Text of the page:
Go Back   Steve's Digicams Forums > Digicam Help > What Camera Should I Buy?

Reply
 
Thread Tools Search this Thread
Old Oct 13, 2008, 12:00 PM   #1
PTC
Junior Member
 
Join Date: Oct 2008
Posts: 10
Default

I know that the Canon XSI/Nikon D80/Olympus e520 use different sizes and differnt types of sensors. I realize that all of these would be an improvement over the small sensor in my current camera (a Kodak P850), but I would like some discussion as to the differences and practical advantages between them and others. My budget won't allow me to invest in a full frame camera but I would like to get the best results and value for what I intend to spend. I formerly had used a 35mm SLR before going digital.
PTC is offline   Reply With Quote
Sponsored Links
Old Oct 13, 2008, 12:31 PM   #2
Administrator
 
Join Date: Jun 2003
Location: Savannah, GA (USA)
Posts: 22,378
Default

Canon makes their own sensors and uses an APS-C size CMOS Sensor in the XSi. The Nikon D80 uses a Sony 10MP CCD Sensor (as do the Sony 10MP dSLR models like the A200 and A300, as well as the 10MP Pentax models). Other 10MP Nikon models like the D40x and D60 also use a Sony 10MP CCD Sensor.

With Nikon, Sony and Pentax models using a Sony APS-C size sensor, you need to multiply the focal length of a lens by 1.5x to see what focal length you'd need on a 35mm camera for the same angle of view. For example, if you used a 100mm lens on one of these cameras, you'd have the same angle of view you'd have using a 150mm lens on a 35mm camera (100mm x 1.5 = 150mm). Use 1.6x for Canon models like the XSi with an APS-C sensor (it's a sensor is a slightly smaller compared to the Sony APS-C size sensors).

The Olympus dSLR models use an even smaller sensor (which is why you have an even narrower angle of view for a given focal length with their 4/3 system cameras). The sensors in the current Olympus dSLR models including the E-520 you're looking at are made by Panasonic (Matsushita). Most older Olympus models (E-300, E330, etc.) used Kodak sensors. With an Olympus dSLR model, you have the same angle of view you'd have using a focal length twice as long on a 35mm camera (multiply the focal length of a lens by 2x to see how they compare). So, a 100mm lens on an Olympus model would give you the same angle of view you'd have using a 200mm lens on a camera using a 35mm size film or sensor (100mm x 2 = 200mm).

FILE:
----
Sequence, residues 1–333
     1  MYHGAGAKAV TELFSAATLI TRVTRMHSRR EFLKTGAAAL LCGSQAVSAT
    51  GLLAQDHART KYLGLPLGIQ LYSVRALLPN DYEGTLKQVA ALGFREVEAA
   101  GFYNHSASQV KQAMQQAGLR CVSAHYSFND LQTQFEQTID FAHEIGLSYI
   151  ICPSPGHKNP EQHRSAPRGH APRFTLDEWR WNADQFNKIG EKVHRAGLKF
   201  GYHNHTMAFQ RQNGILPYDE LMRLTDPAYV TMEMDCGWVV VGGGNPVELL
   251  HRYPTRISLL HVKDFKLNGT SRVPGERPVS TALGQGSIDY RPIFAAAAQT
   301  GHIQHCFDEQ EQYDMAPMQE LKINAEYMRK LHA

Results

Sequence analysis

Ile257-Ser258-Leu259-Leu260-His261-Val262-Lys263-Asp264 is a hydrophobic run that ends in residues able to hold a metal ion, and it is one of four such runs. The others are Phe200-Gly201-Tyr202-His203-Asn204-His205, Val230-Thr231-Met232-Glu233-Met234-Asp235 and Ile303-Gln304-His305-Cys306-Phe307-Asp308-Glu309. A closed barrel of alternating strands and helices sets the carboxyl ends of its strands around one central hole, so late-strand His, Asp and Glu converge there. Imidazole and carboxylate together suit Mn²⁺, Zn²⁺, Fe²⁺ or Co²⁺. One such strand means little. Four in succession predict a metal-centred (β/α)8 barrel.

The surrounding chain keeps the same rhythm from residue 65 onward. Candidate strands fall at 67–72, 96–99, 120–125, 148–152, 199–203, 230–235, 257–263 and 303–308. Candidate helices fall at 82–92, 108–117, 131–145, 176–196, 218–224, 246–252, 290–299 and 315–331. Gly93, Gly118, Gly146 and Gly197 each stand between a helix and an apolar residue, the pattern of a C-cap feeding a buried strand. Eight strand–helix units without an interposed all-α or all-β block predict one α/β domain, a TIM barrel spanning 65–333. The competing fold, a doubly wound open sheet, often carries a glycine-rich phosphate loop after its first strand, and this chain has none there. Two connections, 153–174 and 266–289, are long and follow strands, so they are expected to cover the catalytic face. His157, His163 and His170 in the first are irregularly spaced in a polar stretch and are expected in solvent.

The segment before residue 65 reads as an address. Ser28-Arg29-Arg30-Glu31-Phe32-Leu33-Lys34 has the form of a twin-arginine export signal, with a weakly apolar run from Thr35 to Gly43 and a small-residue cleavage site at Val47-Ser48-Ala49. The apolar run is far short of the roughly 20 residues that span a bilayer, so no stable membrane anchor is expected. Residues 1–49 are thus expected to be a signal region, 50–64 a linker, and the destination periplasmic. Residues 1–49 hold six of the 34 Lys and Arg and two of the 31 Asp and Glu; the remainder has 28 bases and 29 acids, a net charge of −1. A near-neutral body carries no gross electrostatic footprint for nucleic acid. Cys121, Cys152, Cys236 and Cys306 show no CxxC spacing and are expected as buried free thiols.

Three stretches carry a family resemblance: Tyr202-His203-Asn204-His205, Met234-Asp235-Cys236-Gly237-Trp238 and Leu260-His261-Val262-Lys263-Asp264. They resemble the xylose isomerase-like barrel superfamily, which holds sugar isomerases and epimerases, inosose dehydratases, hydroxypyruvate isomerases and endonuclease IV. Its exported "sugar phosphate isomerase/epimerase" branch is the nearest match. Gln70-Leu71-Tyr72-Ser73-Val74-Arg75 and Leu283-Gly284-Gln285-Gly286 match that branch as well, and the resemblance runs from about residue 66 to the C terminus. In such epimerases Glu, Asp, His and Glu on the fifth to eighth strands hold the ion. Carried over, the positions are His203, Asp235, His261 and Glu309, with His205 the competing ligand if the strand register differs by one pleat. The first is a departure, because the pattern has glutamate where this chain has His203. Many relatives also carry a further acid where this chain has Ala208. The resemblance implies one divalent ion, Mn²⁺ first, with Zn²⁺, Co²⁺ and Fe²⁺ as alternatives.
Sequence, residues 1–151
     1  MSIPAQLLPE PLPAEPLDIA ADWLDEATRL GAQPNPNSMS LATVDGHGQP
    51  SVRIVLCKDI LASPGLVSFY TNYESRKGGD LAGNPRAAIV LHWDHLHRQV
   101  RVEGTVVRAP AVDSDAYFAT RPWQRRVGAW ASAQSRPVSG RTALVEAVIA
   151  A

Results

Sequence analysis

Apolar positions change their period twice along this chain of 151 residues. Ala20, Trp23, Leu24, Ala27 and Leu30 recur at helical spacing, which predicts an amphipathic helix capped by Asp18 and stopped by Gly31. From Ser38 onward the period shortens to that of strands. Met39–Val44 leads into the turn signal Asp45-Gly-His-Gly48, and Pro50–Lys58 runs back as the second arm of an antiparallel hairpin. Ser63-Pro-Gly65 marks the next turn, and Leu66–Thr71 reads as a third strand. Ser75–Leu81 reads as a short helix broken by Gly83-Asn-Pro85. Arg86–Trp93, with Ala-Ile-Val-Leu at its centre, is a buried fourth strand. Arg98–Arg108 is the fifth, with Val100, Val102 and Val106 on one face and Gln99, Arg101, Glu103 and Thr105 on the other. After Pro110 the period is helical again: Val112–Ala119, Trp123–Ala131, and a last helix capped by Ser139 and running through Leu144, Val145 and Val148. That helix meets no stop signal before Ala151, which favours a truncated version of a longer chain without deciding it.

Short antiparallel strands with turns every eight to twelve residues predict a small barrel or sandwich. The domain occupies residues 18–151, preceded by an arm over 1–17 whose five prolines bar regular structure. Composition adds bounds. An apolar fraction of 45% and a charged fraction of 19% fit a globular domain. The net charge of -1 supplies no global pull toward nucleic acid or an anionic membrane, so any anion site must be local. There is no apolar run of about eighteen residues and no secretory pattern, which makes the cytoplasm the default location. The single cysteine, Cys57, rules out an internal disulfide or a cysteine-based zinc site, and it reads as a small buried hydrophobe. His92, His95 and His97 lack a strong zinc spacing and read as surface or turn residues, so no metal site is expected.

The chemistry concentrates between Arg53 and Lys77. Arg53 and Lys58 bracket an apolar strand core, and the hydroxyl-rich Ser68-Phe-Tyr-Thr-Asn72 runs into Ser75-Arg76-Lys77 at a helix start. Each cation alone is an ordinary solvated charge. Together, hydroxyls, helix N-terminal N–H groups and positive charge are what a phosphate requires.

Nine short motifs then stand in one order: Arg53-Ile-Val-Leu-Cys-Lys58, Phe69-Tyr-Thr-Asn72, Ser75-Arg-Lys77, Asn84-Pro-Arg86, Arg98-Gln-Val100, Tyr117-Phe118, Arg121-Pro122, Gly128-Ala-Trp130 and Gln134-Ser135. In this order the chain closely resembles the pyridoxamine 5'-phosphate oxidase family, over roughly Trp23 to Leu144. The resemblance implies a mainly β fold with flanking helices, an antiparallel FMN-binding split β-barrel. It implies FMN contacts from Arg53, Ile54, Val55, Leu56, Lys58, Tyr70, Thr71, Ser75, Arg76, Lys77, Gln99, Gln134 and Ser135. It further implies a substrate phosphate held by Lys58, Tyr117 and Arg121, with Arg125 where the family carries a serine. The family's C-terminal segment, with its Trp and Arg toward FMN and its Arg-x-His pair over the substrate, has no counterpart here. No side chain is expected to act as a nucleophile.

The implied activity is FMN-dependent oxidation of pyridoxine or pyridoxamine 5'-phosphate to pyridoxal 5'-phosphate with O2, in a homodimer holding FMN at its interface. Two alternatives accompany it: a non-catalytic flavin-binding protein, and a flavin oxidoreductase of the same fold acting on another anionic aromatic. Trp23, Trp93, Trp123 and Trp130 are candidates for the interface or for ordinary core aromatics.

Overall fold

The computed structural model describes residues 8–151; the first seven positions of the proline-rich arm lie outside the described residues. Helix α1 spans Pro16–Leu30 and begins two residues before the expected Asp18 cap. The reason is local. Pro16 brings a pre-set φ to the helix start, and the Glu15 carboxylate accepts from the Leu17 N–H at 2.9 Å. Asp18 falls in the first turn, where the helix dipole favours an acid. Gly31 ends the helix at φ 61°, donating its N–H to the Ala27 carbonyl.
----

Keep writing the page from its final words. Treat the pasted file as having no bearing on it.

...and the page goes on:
As a general full of thumb, all else being equal between sensors (and it rarely is), the sensor with the larger photosites for each pixel (which usually implies a larger sensor for the same quantity of pixels) will have lower noise and better dynamic range within a given market niche. A less dense sensor with larger photosites will also place lower demands on the lens quality needed to resolve detail.

But, because advances are being made in sensor design (more efficient microlens designs, etc.) and supporting chipset designs, you still need to take them on a case by case basis. Also, you'll find differences in image processing between camera models, even when they're using the same sensor.

Sensor size also impacts Depth of Field (you'll have a shallower depth of field for a given aperture and focus distance if the subject occupies the same percentage of the frame using a model with a larger sensor, since you'd use a longer focal length with a larger sensor for the same angle of view).

But, I'd compare output from the cameras you're interested in, versus looking at sensor size and type alone.

JimC is offline   Reply With Quote
Old Oct 13, 2008, 1:27 PM   #3
Senior Member
 
mtngal's Avatar
 
Join Date: Nov 2005
Location: Frazier Park, CA
Posts: 16,052
Default

And as an addition to what JimC said, there's one Pentax camera (the K20) that uses a new 14 mp sensor made by Samsung (which Samsung also uses in their equivalent camera). It's the same APS-C size sensor as the 10 mp cameras, but has different characteristics.

And JimC is right - cameras made by different manufacturers but using the same sensor can have quite different output. Some will have more aggressive noise reduction at the expense of detail, for instance. Look at sample pictures posted with several different reviews to get a better idea of what the camera is capable of, and whether you like what it can produce.

Do you still have your 35mm equipment? I never got rid of my old Pentax stuff when I bought my first digital camera, and I was able to use all my old lenses - saving me quite a bit of money. Most other camera manufacturers have some backwards compatibility (some more than others). It's worth considering if you still have some lenses from your film days.
mtngal is offline   Reply With Quote
Old Oct 13, 2008, 2:34 PM   #4
Administrator
 
Join Date: Jun 2003
Location: Savannah, GA (USA)
Posts: 22,378
Default

mtngal wrote:
Quote:
And as an addition to what JimC said, there's one Pentax camera (the K20) that uses a new 14 mp sensor made by Samsung (which Samsung also uses in their equivalent camera). It's the same APS-C size sensor as the 10 mp cameras, but has different characteristics.
Speaking of the K20D, Pentax just lowered the price to $999. See Steve's Breaking News page:

http://www.steves-digicams.com/diginews.html#k20d_drop

JimC is offline   Reply With Quote
Old Oct 13, 2008, 2:59 PM   #5
PTC
Junior Member
 
Join Date: Oct 2008
Posts: 10
Default

Thanks, I still have my old 35 mm SLR lenses, although they were not of the best quality. They use a Ricoh mount which I believe is the same as a Pentax k. I did previously own a Olympus p&s digital that gave me impressive results for rather low resolutuion camera (1.8 mp - D490Z?). Anyway I am considering the Olympus e520 or e510, but am concerned about the smaller sensor. They both seemed to have gotten fairly good reviews and would like some opinions from users of those cameras.